FINANCE - FINTECH

After six months of negotiations

Russians banned from cryptos in Europe: so what? 



Despite the first packages of European sanctions, the Russians had hardly moved from cryptocurrencies to more accommodating jurisdictions. The European ban in early October should not scare them away any further. Photo: Shutterstock

Despite the first packages of European sanctions, the Russians had hardly moved from cryptocurrencies to more accommodating jurisdictions. The European ban in early October should not scare them away any further. Photo: Shutterstock

After six months of insistence by the US, European cryptomarket actors are banned from providing services to Russians. Whether this has an actual impact remains to be seen. 

Have the Russians been using cryptos on a massive scale to circumvent the sanctions imposed on their country? Or did they use the opportunity to move their crypto assets from one jurisdiction to a more favourable one? It’s hard to say, given the many different circulation patterns there are (peer-to-peer, exotic jurisdictions, blenders, etc.).

In this context, it is not easy to draw definitive conclusions. The US blockchain analysis company Chainalysis attempted it by looking at two exchanges that accept roubles: Binance and LocalBitcoins. Between July 2021 and June 2022, the fintech explains, "Russian rouble-denominated trading volume increased by 35% to $805m" in March/April, before falling back to below pre-Ukraine invasion levels.

For one expert, interviewed in the same study, many Russians have been looking for new places to withdraw their cryptos, such as the United Arab Emirates, Turkey and historically close countries like Kazakhstan and Georgia.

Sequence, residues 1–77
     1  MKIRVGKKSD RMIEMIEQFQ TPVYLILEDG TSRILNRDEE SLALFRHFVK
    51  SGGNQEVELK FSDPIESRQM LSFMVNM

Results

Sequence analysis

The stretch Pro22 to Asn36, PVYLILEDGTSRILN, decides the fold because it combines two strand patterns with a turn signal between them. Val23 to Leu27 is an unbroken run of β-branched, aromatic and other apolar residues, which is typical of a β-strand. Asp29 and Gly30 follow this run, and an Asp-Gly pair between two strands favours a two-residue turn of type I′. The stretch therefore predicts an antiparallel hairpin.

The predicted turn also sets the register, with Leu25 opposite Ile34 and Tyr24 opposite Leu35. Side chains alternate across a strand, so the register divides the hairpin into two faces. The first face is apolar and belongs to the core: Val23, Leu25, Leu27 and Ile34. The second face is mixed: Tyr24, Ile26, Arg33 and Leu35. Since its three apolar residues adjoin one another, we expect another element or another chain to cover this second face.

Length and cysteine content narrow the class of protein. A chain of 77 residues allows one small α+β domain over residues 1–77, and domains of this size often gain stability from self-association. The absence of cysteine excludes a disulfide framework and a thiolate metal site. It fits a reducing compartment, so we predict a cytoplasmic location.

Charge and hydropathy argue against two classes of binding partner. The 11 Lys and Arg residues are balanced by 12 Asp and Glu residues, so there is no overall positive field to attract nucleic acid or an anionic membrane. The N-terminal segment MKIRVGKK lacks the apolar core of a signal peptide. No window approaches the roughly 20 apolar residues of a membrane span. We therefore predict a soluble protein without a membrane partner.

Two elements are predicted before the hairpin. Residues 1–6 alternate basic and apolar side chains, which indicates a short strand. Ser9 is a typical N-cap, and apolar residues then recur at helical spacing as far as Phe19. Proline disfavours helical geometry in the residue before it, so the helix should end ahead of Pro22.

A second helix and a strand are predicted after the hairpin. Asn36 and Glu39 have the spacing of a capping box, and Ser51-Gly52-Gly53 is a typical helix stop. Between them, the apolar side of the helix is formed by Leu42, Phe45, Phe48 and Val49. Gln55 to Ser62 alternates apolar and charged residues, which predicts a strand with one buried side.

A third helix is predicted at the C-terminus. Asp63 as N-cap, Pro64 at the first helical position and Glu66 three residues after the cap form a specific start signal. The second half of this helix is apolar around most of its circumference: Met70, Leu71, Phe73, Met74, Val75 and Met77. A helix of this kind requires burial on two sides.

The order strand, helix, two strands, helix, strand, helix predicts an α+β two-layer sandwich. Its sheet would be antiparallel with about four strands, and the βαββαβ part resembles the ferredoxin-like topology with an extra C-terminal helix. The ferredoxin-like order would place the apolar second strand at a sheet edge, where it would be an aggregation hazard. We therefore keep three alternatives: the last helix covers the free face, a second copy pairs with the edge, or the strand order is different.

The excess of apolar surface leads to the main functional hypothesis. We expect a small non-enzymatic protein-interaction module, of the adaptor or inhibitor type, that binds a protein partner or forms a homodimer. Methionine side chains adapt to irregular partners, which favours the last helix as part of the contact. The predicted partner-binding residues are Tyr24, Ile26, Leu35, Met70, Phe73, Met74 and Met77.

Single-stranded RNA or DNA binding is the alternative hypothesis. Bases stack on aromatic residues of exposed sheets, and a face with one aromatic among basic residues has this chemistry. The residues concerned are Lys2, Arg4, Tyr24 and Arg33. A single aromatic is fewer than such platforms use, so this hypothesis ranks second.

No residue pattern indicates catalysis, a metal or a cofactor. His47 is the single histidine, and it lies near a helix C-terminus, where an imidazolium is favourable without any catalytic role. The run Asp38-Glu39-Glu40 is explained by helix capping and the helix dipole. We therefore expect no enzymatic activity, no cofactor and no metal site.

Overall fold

From €10,000 to zero

Since the Russian Central Bank "legalised" cryptos for cross-border payments, other experts suspect that Iran and China are assisting in these financings of Russian companies. But that’s as far as the analysis goes.

In early October, in the eighth set of sanctions against Russia, the European Union reduced the €10,000 limit on Russian-owned crypto accounts to zero. "We realised that transactions were continuing on a certain scale" even after the imposition of measures in April, an EU official told CoinDesk. Adding: "We wanted to make sure that these services were no longer rendered" by EU operators, while Switzerland appears to have followed the lead of the Europeans.

For Przemyslaw Kral, CEO of Zonda (one of the largest exchanges in Eastern Europe) interviewed by CoinTelegraph, not everything seems so clear. Should the exchanges return the funds to their owners, block access to them, or freeze their accounts? In an email to its customers, Blockchain.com asks them to withdraw their funds by 27 October. Finland’s LocalBitcoin has invited its customers to do the same, but in a single, final transaction.

Less than 0.1% of customers for Bitstamp

Crypto.com or Blockchain.com also apply the sanctions. From Paypal’s position, it’s clear that all transactions had already been interrupted at the start of the conflict.

As for the two Luxembourg-licensed exchanges, while BitFlyer--which recorded €28m in revenue in 2021, of which an unspecified amount from Russia--had not responded to Delano’s sister publication Paperjam’s inquiry at the time of publishing, BitStamp--€59.39m euros in revenues in 2021, including €8.4m from the “rest of the world" region--indicates in its annual report that "in September, Russians represented less than 0.1% of its active clients and an even smaller share of the transaction volume.”

According to Banklesstimes, 17.3 million Russians hold crypto accounts (12% of the population) where they hold $240bn.

This article was originally published in French by Paperjam and translated for Delano.